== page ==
Friday, May 29, 2009

Eclipsing Newton

I can't believe I almost let it pass me by, but today is the 90th anniversary of the most ground breaking experiment of the 20th century. On this day in 1919 Arthur Eddington observed the solar eclipse that would ultimately revolutionize our understanding of the universe.

A huge part of Einstein's General Theory of Relativity is how gravity itself warps the fabric of space-time itself. According to his then brand new theory, a ray of light passing near a massive object will bend around the object. The classic illustration of this is a heavy bowling ball suspended on a flexible rubber sheet. All around the bowling ball, the sheet bends in because of its mass. Now picture a small marble rolling across the sheet, its path taking it near to the bowling ball. It will curve in where the sheet is bent, deflecting its otherwise straight course.

Eddington, with the backing of the Royal Astronomical Society, set out to test this theory and embarked on an expedition to the island of Príncipe off the coast of western Africa to observe a total eclipse of the sun. His goal was to see if the light from stars passing near to the sun were bent the way Einstein predicted, just like the marble passing by the bowling ball. He needed a total eclipse of the sun because that was the only way to observe starlight without it being diluted by the blue sky of day.

After a long and peril filled venture to the tiny West African nation (I won't recount the details here, for a better and more hilarious account of his adventure and others, I strongly recommend Bill Bryson's A Short History of Nearly Everything), Eddington arrived to find a thick bank of clouds, obscuring the sun.

Seemingly the voyage had been in vain, but miraculously the clouds parted just minutes before the eclipse was to occur. He snapped a series of photographs on glass plates of the eclipse and set about analyzing them in great detail. When he finished, he found that the amount that the starlight around the sun bent around the sun, exactly matched Einstein’s predictions. There in black and white was proof that the theory of relativity was correct.

This is the textbook example of the success of the scientific method. Einstein's postulates made clear predictions that could be scientifically tested and measured to either prove or disprove the theory. In this case, the proof completely revolutionized the field of physics. The traditional Newtonian view of the universe was uprooted and Relativity became the predominant framework for understanding the universe.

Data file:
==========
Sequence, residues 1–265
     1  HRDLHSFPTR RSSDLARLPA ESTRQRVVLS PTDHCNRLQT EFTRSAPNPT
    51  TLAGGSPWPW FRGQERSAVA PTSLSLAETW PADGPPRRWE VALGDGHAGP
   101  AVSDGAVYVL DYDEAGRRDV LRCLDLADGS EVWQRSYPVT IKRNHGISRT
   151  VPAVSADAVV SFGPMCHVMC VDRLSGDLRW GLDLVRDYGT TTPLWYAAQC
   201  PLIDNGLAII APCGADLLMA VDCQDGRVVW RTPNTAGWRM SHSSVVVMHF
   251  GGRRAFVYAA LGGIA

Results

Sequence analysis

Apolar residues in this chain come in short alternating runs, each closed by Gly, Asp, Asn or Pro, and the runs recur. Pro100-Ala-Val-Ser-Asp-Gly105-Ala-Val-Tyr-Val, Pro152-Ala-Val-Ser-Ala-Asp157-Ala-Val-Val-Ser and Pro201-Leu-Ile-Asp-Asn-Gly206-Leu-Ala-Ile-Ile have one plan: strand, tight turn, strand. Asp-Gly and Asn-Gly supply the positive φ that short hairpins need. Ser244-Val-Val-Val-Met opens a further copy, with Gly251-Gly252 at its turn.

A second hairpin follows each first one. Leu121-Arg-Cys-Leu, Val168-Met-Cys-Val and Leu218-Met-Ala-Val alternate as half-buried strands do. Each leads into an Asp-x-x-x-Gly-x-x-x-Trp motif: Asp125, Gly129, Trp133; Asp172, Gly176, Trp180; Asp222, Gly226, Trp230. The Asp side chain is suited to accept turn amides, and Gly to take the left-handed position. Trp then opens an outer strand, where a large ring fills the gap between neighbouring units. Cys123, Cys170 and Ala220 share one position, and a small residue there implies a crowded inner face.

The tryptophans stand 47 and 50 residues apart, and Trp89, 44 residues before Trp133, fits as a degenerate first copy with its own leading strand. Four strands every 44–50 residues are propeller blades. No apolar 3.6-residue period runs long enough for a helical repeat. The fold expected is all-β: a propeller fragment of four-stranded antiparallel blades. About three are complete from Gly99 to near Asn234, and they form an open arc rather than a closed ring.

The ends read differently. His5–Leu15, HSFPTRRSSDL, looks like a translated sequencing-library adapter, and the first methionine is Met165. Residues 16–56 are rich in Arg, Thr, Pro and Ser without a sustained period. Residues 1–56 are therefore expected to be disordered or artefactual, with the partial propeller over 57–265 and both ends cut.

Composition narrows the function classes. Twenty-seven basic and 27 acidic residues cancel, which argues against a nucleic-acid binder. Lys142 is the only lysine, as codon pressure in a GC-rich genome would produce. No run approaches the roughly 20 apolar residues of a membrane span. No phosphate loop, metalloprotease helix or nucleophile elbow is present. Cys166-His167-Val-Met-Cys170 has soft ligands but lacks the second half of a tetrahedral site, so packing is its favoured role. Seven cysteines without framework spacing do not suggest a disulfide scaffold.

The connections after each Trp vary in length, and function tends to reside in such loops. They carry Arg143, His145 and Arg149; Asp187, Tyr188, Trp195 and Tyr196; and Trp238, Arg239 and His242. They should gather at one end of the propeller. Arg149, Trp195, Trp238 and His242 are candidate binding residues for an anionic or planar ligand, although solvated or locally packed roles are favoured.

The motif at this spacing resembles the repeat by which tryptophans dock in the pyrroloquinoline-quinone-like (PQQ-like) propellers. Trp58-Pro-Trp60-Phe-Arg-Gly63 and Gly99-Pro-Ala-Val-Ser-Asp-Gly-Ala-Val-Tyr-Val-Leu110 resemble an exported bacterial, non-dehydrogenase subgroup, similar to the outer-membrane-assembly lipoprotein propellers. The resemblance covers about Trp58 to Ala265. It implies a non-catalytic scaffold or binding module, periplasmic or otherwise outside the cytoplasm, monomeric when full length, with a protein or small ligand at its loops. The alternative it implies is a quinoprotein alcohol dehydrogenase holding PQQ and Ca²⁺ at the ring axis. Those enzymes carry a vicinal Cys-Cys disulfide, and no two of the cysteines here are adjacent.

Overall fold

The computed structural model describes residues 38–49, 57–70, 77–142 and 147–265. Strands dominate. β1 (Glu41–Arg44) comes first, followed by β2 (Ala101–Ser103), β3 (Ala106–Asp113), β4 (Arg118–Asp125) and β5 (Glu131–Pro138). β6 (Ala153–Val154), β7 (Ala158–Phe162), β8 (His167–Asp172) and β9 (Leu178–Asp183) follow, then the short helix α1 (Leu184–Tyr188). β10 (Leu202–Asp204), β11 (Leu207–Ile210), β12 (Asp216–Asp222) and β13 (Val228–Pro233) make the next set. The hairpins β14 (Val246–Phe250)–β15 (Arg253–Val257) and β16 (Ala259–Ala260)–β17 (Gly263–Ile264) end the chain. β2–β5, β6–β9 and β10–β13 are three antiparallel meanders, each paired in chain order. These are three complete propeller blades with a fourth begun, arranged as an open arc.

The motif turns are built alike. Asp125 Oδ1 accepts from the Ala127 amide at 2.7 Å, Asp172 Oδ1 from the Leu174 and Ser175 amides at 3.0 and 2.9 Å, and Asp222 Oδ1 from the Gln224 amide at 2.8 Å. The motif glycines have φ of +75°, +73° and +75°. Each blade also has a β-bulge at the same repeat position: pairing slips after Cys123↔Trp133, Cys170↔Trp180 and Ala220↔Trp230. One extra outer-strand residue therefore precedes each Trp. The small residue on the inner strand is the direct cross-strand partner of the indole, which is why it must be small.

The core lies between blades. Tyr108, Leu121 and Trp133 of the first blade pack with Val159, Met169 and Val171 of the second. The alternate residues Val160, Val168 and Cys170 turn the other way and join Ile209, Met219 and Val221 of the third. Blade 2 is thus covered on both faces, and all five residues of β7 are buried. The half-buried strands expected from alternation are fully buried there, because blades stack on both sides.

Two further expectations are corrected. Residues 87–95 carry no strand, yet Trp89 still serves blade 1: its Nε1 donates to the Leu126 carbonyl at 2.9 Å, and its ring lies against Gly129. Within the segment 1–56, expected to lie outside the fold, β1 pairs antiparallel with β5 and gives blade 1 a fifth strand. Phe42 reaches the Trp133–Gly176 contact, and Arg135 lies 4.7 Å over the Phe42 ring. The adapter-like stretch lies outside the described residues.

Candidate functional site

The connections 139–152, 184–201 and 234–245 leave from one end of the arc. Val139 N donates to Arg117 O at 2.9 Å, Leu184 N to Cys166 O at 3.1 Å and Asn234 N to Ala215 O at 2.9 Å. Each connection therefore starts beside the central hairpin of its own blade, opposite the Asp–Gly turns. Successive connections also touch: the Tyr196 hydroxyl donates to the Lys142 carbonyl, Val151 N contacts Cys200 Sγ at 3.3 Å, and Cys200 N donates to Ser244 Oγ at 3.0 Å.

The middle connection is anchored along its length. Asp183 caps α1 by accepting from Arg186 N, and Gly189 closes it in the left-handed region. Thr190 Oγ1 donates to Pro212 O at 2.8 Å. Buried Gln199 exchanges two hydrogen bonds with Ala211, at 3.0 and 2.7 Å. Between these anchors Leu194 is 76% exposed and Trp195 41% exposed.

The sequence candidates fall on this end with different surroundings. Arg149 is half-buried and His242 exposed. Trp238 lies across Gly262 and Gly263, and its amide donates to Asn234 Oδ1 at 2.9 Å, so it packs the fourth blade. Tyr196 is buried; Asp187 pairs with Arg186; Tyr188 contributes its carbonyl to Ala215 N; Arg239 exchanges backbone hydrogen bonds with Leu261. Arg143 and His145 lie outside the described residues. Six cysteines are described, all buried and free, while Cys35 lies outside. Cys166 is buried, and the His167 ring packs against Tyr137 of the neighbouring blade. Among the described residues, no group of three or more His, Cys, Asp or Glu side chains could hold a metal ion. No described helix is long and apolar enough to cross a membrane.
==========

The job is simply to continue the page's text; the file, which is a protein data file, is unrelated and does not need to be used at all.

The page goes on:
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Wednesday, May 20, 2009

Press Release About News Media Blindly Parroting Press Releases Blindly Parroted by News Media

Right now science journalism is facing many problems, mostly stemming from an industry being hit with a tough double whammy of approaching obsolescence and the acute market downturn. Across the country numerous science journalism staffs are being cut to save costs, leading to a decline in quality, leading to a decline in readership, leading to a decline in subscription and ad revenues, requiring more cost cutting…and so on. It's a vicious cycle.

The sure sign of this decline in quality of the mainstream press are journalists taking press releases about a new discovery and rewriting it, hyping it out of proportion. A recent study was conducted by the Annals of Internal Medicine took a look at this phenomenon in the medical world and found this to be a huge problem. Press releases put out by a university will hype a discovery, which will in turn be taken by journalists unfamiliar with covering science, and be hyped further.

It's not just in the medical sciences that are running these problems. Indeed, physics research is continually reported, hyped and distorted as well, especially in very popular and cutting edge fields. All the time, websites like EurekaAlert.org, PhysOrg.com or Science Daily will post press releases, hyping the latest graphene or quantum computing finding, and make it sound like Brookstone is about to carry a full line of graphene based quantum computers in every color. The releases, and articles based on them, usually couch their language saying things like "could lead to," but either intentionally or intentionally, the impression given is that any small advancement represents a groundbreaking revolution in the field. Realistically though, any applications from these advances are years away.

At the Columbia Journalism Review blog, Earle Holland writes about how journalists have used the Annals of Internal Medicine study to sort of pass the buck. Bloggers on USA Today and the Wall Street Journal have implied that the fault of this shoddy coverage is from these over-hyped press releases. Earle is correct criticizing these bloggers and not letting lazy journalists off the hook. It's as much their responsibility not to be taken in by these press releases.